A Gun Maker Who Gives Back
A Gun Maker Who Gives Back
Louis Zamperini, a runner in the 1936 Olympics who served in the U.S. Air Force as a bombardier in the South Pacific during World War II, admires the Henry Repeating Arms rifle given to him by company president Anthony Imperato. Laura Hillenbrand’s book “Unbroken” tells Zamperini’s story.

What’s the best way to make a small fortune in the gun business?

Start with a big fortune.

There’s more truth than humor in that saying. It isn’t easy to make money in the gun business, which is part of the reason why I find the generosity of the industry so humbling at times.

Even so, Henry Repeating Arms stands apart.

I’d like to say that the company’s president, Anthony Imperato, puts his money where his mouth is, but I’m not sure how he even affords to feed himself. When I try to tally the number of guns he donates to worthy causes, and the funds he ends up raising to protect our rights and to support the future of the shooting sports, I’m at a loss to explain how Henry stays in the black. In Bayonne, New Jersey, no less.

A Gun Maker Who Gives Back
Imperato is on the board of directors of the Youth Shooting Sports Alliance. He donates many of his rifles to promote the shooting sports.

I was at the Nation Rifle Association banquet in April the night he presented a series of veterans with their own lever guns. And it wasn’t just a couple of people. There must have been 30 servicemen and servicewomen on that stage before he was through. These vets represented every branch of the military, and included folks who were still serving and fighting to those who represented us in every conflict going back to the Second World War.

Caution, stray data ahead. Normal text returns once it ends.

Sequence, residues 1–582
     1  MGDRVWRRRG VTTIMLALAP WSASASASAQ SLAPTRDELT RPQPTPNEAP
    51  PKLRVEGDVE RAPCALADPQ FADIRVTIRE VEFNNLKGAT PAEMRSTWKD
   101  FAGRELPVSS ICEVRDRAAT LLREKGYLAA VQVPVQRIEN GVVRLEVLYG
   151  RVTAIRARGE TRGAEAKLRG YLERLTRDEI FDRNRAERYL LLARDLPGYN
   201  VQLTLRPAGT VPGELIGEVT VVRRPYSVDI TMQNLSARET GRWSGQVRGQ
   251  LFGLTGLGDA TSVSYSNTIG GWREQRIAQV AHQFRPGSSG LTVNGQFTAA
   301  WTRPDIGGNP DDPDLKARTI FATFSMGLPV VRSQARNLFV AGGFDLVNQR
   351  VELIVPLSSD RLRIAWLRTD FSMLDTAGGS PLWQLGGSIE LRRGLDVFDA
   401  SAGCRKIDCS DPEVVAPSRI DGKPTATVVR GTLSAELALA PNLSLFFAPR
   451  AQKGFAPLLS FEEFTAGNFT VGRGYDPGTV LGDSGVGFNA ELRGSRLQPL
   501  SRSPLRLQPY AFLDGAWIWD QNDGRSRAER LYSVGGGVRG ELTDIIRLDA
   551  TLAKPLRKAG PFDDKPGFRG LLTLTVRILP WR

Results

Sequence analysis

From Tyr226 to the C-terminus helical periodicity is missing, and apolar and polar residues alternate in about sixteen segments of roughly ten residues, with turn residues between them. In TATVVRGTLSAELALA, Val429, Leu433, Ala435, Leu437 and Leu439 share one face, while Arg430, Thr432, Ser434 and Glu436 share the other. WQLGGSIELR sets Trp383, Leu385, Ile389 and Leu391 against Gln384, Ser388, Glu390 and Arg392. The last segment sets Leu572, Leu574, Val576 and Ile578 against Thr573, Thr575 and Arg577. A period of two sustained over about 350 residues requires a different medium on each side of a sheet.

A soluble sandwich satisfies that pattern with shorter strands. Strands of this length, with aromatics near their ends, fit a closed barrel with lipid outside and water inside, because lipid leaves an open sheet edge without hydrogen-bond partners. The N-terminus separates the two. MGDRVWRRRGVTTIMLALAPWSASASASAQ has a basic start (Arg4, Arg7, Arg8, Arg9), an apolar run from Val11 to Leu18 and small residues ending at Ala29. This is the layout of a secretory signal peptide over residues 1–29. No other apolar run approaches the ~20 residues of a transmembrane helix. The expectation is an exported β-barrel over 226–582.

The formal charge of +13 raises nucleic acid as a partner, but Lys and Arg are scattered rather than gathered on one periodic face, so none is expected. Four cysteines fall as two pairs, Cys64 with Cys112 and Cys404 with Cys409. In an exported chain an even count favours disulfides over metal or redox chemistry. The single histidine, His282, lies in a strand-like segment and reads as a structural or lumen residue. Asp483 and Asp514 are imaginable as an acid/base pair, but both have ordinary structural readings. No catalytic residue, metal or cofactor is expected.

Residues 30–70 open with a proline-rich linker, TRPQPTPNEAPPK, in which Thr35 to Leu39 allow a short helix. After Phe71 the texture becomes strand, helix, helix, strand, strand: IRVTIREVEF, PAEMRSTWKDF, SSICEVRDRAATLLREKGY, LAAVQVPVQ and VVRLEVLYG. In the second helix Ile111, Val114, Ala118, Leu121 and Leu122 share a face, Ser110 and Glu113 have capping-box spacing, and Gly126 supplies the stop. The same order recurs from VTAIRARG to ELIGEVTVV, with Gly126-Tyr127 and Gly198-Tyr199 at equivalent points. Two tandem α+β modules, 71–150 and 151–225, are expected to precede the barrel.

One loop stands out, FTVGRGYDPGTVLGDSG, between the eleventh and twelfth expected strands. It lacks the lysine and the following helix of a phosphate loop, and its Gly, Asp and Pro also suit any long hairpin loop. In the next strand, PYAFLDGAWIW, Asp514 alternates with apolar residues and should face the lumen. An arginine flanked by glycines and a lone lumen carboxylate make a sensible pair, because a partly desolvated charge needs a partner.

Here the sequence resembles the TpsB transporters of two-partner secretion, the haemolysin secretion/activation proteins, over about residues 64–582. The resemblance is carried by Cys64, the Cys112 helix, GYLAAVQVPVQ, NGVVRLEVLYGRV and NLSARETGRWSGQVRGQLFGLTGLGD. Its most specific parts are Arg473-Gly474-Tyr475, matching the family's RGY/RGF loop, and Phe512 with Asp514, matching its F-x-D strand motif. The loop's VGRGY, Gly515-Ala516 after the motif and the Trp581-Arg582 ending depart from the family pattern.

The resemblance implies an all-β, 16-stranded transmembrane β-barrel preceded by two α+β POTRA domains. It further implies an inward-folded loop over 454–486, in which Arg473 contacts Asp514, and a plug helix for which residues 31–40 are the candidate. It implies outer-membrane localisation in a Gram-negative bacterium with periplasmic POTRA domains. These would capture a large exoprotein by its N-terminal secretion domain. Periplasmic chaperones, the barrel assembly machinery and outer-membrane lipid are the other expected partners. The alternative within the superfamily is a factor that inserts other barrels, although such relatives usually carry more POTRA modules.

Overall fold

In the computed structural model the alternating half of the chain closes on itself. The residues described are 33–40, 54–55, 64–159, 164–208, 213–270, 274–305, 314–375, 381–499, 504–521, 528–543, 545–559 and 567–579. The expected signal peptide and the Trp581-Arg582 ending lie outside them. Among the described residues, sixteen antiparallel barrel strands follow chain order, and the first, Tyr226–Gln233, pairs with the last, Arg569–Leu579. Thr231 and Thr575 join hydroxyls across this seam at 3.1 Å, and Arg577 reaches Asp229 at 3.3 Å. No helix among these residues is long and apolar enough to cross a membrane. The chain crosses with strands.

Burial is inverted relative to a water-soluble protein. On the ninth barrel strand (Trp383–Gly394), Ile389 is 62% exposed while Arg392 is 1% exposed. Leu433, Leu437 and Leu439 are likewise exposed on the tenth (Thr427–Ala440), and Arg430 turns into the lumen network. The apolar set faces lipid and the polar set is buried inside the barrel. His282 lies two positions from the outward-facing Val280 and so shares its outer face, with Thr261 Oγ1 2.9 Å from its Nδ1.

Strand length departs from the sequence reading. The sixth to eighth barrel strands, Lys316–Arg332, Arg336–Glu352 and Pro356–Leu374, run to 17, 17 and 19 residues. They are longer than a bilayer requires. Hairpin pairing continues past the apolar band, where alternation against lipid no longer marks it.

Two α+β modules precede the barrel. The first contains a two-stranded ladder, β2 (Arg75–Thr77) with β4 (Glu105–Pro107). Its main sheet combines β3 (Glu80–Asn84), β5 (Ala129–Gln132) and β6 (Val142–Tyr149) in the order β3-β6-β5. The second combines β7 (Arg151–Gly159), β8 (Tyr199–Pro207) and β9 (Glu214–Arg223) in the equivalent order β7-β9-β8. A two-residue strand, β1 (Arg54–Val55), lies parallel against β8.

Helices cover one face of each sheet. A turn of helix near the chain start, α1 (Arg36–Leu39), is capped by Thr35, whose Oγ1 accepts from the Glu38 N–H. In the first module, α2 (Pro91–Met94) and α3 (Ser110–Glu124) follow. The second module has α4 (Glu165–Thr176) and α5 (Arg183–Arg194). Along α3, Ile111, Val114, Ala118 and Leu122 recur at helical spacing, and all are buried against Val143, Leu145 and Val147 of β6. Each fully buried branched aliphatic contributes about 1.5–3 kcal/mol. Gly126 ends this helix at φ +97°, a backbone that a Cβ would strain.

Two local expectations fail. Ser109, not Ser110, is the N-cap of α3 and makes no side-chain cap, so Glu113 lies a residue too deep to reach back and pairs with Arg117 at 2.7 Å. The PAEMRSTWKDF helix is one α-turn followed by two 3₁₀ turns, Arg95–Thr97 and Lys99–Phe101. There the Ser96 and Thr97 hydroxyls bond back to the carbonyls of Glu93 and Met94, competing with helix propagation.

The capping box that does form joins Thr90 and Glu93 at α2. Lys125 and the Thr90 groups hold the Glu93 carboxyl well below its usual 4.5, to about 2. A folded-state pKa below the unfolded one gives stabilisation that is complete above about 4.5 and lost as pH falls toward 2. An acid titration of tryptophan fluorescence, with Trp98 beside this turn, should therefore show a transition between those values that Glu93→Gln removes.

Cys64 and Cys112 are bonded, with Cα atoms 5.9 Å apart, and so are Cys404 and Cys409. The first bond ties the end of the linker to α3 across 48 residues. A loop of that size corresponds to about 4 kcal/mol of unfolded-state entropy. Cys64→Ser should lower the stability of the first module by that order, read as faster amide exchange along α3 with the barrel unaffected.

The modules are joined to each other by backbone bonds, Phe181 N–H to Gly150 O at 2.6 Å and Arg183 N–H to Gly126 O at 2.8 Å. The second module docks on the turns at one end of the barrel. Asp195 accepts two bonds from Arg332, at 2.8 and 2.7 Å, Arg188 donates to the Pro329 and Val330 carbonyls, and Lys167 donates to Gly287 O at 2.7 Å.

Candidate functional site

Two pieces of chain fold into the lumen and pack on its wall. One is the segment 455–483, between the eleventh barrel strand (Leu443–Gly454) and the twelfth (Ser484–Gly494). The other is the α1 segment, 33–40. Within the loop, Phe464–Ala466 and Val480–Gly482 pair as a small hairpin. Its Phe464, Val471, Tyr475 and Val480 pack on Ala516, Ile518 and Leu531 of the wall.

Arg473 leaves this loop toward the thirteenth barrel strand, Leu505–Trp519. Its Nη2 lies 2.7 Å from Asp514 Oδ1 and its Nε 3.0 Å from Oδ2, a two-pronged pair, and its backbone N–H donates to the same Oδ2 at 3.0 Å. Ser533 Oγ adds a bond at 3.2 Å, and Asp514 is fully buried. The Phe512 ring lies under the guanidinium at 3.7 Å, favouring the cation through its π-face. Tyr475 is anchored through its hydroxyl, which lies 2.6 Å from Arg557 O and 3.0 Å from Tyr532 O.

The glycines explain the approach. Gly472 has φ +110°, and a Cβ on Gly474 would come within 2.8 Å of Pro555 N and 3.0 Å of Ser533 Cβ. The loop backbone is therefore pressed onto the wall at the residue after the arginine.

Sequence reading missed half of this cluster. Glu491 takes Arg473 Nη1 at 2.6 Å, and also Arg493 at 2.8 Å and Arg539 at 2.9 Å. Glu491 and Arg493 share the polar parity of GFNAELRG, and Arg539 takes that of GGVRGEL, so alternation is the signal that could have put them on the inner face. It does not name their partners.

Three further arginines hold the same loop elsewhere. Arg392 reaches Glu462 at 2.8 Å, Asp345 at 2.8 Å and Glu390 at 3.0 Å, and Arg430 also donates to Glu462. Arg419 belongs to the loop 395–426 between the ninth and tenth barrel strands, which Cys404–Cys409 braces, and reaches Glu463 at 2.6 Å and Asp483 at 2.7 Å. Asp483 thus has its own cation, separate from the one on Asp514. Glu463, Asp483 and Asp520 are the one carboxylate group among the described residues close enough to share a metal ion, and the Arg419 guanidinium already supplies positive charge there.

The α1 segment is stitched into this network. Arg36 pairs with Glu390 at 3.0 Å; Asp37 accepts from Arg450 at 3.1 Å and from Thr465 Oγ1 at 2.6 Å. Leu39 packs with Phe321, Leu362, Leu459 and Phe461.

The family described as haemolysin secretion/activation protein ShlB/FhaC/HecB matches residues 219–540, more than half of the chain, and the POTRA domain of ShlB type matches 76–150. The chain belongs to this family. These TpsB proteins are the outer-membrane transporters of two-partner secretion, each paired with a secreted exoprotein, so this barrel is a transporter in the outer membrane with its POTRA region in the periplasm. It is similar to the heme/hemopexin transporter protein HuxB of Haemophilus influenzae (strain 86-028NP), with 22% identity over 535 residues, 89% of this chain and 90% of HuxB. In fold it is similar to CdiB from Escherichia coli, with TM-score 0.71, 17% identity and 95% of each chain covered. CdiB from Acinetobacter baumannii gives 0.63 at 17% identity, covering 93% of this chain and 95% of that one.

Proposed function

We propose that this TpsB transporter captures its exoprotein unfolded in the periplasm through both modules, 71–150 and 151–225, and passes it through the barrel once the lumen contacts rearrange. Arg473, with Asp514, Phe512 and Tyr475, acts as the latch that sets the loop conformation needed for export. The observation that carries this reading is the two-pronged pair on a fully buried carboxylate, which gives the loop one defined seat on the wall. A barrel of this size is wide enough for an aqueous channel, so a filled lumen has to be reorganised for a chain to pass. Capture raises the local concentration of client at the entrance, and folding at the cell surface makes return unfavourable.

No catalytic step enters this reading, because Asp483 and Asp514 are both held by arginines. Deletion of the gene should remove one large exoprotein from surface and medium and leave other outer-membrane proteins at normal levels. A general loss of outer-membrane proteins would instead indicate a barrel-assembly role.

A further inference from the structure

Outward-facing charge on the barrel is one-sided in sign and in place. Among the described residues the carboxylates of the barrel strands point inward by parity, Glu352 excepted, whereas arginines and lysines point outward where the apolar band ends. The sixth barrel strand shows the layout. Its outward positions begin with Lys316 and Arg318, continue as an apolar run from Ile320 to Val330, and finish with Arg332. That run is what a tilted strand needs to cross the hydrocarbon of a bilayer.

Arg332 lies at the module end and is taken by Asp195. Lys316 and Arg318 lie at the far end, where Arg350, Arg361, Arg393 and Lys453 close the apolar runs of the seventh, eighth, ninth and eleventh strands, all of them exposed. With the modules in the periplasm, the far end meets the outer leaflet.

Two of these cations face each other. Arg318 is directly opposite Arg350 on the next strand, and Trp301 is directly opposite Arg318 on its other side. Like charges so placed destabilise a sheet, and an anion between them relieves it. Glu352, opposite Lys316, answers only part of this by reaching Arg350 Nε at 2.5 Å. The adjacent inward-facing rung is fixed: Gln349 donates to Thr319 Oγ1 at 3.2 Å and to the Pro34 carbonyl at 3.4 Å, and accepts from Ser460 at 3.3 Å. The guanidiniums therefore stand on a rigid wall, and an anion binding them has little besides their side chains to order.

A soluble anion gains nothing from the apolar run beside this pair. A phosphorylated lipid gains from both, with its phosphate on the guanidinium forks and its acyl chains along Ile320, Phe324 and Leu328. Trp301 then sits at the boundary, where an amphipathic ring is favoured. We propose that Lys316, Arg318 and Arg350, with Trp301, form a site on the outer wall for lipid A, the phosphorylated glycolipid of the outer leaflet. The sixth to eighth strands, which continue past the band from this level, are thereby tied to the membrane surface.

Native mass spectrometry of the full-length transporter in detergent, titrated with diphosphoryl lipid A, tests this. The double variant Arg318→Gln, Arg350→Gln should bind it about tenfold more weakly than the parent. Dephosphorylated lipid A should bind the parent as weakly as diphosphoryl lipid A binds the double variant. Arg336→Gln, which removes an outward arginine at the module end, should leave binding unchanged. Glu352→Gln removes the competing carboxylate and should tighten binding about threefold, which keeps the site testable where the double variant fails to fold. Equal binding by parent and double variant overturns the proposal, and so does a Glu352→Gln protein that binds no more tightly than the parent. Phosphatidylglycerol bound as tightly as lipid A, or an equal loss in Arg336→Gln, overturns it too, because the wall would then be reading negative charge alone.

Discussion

I don’t wish to embarrass Anthony, who is a friend, but he could barely control his emotions during the ceremony as he recounted the sacrifices those men and women had made on behalf of our country. It was no publicity stunt.

But that was only the tip of the iceberg at the NRA annual meeting. At the show he donated numerous rifles to be auctioned off to benefit various groups within the NRA. All told, these guns, which included the one-of-a-kind set of three Big Boy rifles, raised more than $100,000.

Anthony is also on the board of directors of the Youth Shooting Sports Alliance, a group that I’m honored to be a part of as well. His generosity with the YSSA is just as significant and heartfelt.

A Gun Maker Who Gives Back
Henry Repeating Arms lever-action rifles are chambered in calibers from .22LR to .45-70 and come in many different styles and finishes.

Now I’m not saying you should rush out and buy a Henry rifle just because Anthony is such a swell guy. But I am telling you to go buy one because they are amazingly fun rifles to shoot. If you haven’t had a chance to play around with a Henry lever gun, do yourself a favor and go try one out.

If you don’t end up grinning while spitting a stream of lead downrange with it on your shoulder, then call 9-1-1 because I doubt you have a pulse.